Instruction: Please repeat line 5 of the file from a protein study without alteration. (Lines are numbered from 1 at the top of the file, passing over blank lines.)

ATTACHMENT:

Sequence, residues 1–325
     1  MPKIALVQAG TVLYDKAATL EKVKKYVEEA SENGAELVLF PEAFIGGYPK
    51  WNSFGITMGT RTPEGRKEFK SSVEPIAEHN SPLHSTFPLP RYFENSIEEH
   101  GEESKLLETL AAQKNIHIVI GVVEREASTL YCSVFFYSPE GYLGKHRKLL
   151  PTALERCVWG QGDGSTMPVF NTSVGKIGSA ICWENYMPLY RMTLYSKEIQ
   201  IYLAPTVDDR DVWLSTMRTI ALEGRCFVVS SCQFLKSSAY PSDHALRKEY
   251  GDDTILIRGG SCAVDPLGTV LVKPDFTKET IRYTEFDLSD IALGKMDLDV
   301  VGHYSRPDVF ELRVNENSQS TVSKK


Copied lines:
   151  PTALERCVWG QGDGSTMPVF NTSVGKIGSA ICWENYMPLY RMTLYSKEIQ